UPDATE: I Actually am Getting a PhD in Religion
Last Fall I worked diligently preparing 14 applications for various PhD programs around the country. As of today, I have heard (officially) from 11 of these programs and have been rejected from all 11. From what I know of the other three programs I expect the same result from these three. I was using the “cast your net wide” approach along with incorporating all that I learned through my unsuccessful application round last year. I learned a lot and got some great advice from people “on the inside.” My applications were stronger, including my teaching experience, conference presentations, years of language work, and much more carefully crafted and program-specific purpose statements. To be sure, I was not a “fit” for every program to which I applied, but I do believe I was a good fit for at least a handful of them.
Yet, I find myself in the same boat as I did last year, without a PhD program to attend in the Fall. I know that it takes many people numerous attempts to get into religion PhD programs, but I think this year is my last. I can no longer justify applying to programs for which I know I am qualified and during which I know I would succeed only to hear again, “Thanks, but no thanks.” Further, the job market for religion professors is bleaker now than it has been in decades. This too weighs heavily on my decision. Can I really justify 5-7 years in a program living on less than minimum wage only to enter a job market that continues to shrink and that is already over-saturated?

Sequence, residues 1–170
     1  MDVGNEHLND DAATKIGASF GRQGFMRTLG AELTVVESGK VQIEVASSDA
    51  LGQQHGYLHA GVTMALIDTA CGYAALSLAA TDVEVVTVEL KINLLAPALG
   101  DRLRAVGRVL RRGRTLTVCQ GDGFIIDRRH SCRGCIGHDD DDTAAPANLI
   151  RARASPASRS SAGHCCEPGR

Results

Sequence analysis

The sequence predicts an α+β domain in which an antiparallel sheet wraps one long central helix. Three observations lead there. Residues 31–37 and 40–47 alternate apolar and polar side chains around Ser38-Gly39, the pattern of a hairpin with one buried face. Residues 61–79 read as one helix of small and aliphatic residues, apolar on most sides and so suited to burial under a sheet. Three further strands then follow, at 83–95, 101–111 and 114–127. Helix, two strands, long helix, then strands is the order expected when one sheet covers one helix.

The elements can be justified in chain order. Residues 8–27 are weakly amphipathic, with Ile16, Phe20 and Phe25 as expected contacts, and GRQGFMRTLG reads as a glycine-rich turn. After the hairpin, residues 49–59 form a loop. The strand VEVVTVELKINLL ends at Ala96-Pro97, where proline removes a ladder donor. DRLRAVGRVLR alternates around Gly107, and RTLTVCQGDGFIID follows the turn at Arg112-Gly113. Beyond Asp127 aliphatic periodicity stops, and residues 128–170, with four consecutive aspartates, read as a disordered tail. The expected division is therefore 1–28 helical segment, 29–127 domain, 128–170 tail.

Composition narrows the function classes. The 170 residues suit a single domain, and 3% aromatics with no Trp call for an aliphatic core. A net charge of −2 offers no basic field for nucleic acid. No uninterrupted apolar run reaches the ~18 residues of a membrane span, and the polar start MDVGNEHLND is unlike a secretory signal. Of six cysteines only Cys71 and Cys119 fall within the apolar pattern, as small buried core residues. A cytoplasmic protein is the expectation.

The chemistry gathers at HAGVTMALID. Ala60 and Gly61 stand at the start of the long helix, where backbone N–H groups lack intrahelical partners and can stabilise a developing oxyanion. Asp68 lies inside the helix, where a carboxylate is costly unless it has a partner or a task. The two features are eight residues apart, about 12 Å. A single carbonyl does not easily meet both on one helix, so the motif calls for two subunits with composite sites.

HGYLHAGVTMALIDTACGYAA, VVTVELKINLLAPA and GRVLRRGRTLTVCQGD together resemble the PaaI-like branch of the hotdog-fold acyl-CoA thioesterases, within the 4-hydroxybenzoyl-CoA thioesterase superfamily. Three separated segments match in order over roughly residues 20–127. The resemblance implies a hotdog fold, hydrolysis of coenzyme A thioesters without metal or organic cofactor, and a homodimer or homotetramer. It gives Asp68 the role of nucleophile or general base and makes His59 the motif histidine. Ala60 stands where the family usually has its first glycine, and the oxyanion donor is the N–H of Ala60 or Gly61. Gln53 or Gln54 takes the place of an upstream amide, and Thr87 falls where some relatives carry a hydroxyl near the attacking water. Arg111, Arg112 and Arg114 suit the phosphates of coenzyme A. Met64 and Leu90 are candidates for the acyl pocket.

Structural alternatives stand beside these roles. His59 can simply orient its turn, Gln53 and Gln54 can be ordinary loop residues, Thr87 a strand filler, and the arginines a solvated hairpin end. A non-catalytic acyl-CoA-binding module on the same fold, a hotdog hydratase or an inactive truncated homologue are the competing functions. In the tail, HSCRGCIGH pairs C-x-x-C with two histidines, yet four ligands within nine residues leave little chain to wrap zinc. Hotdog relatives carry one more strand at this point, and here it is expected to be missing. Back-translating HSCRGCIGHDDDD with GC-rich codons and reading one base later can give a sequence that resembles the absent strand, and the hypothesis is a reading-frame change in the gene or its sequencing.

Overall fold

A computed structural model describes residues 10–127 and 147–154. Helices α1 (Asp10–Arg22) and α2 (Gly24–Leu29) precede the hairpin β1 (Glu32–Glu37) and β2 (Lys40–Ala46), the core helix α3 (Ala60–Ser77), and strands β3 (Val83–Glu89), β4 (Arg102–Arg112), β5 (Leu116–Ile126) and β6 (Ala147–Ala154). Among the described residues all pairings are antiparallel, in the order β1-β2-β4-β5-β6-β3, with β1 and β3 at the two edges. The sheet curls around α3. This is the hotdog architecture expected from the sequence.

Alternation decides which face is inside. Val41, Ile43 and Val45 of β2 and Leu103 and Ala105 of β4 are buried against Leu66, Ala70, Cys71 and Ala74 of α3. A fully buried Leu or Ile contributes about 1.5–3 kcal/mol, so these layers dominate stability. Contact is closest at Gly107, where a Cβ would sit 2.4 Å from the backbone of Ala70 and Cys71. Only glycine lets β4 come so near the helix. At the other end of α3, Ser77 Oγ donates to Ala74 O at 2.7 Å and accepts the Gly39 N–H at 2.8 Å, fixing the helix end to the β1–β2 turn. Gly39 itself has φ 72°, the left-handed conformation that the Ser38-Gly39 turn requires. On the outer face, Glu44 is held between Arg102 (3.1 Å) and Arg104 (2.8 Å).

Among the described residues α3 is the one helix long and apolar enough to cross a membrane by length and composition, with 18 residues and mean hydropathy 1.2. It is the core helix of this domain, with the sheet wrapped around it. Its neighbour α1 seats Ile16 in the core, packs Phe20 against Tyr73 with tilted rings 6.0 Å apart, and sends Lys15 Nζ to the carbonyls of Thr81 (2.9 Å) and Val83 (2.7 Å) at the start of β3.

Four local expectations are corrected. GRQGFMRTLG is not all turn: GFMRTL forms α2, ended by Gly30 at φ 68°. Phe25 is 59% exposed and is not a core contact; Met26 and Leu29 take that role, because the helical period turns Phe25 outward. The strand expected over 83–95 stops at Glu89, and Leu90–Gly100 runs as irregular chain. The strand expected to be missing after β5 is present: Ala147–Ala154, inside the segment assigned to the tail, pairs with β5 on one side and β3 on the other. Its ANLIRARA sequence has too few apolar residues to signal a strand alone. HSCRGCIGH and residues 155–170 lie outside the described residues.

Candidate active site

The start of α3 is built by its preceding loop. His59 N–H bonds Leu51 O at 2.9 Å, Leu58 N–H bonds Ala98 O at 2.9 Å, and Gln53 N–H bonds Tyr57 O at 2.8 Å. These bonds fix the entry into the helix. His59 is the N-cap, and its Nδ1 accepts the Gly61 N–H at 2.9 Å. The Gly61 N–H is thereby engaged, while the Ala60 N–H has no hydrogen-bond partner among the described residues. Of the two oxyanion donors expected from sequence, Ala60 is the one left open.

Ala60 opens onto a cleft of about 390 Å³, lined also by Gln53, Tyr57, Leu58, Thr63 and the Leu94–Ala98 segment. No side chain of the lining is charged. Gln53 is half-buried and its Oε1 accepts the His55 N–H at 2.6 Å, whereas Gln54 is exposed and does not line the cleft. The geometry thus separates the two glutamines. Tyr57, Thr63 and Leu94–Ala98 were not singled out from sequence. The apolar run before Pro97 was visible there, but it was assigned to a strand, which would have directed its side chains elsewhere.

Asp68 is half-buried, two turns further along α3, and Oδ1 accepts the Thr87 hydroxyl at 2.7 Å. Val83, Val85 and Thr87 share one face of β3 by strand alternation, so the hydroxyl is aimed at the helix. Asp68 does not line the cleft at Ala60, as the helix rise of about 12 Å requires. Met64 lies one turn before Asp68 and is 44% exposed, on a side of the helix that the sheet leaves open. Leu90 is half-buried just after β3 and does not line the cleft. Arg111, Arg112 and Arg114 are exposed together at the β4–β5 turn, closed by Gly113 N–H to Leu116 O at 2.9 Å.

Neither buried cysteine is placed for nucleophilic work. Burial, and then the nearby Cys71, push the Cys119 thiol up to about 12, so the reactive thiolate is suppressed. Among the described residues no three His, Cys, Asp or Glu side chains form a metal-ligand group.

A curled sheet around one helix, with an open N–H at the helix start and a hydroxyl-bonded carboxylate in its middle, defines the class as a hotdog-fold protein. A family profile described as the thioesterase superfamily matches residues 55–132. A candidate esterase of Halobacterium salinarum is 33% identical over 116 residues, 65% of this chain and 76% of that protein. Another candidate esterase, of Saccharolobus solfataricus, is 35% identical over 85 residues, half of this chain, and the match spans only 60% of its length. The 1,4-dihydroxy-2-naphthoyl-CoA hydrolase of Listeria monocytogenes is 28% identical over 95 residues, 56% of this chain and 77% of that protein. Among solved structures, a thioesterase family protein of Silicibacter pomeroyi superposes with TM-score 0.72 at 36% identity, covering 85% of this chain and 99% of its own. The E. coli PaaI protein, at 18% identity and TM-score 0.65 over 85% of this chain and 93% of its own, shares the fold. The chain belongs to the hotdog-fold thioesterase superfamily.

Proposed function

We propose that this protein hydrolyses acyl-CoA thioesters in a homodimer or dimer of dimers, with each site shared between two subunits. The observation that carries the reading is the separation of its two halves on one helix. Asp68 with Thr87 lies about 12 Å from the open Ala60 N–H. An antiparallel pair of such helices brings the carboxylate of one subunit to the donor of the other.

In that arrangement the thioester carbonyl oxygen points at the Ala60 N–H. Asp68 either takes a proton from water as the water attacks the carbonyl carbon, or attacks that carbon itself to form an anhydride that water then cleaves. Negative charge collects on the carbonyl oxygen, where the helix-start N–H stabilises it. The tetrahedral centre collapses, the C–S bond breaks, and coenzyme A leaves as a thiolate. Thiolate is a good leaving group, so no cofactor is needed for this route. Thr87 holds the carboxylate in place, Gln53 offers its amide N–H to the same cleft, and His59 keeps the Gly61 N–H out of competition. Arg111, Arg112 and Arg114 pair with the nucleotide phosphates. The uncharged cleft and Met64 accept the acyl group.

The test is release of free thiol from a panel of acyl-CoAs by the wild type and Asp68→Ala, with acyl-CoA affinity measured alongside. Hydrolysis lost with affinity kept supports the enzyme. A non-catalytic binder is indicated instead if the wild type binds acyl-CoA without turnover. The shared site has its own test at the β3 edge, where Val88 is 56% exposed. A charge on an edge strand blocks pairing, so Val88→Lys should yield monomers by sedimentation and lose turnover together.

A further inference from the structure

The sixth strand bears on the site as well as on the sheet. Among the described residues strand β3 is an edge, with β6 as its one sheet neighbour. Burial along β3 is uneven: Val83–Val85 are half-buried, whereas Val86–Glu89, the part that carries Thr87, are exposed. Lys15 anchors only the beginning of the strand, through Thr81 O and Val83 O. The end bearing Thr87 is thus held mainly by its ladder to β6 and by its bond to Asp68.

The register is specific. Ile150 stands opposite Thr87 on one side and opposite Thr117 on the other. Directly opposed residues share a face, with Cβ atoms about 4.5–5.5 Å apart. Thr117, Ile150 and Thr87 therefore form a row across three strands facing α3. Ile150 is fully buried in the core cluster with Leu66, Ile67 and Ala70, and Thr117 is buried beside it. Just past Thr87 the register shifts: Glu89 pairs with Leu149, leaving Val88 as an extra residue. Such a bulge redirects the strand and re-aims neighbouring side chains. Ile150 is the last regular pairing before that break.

I admit that I am still a bit bitter at the whole process. I know plenty of people who get accepted and never finish and plenty of others who are even better qualified and more capable than me that never get in. The PhD system is, in my opinion, broken.
On the other hand, I am a bit thankful. Not getting into a PhD program gives me at least 5 years of my life to move on with a new “career.” Thus, I will be able to do many things I dream of doing with my life five years sooner. This is, of course, provided I can actually find a job and a new career to pursue.
At the end of the day, though, I am more disappointed than anything else. I’ve spent the better part of the last decade dreaming about and preparing for a PhD in religion only to find out that it isn’t going to happen. I still remain genuinely interested in the academic study of religion, for much of who I am today is owed to this study. And yet, I also fully realize why parents and mentors question so seriously those who want to pursue religion academically. For many it is a fruitless endeavor, which leaves its pursuers with a wealth of knowledge that the rest of the world couldn’t care less about and with no marketable skills to get into another career.
While my latent bitterness is surely coming through in this post I am intending it more as a reality check, for that is what the whole process has been for me. I am extremely happy and grateful for those that I know who have/are/will get a PhD in religion (or a related field) because they continue to advance a field about which I care so deeply. I am simply saddened to not be working alongside you.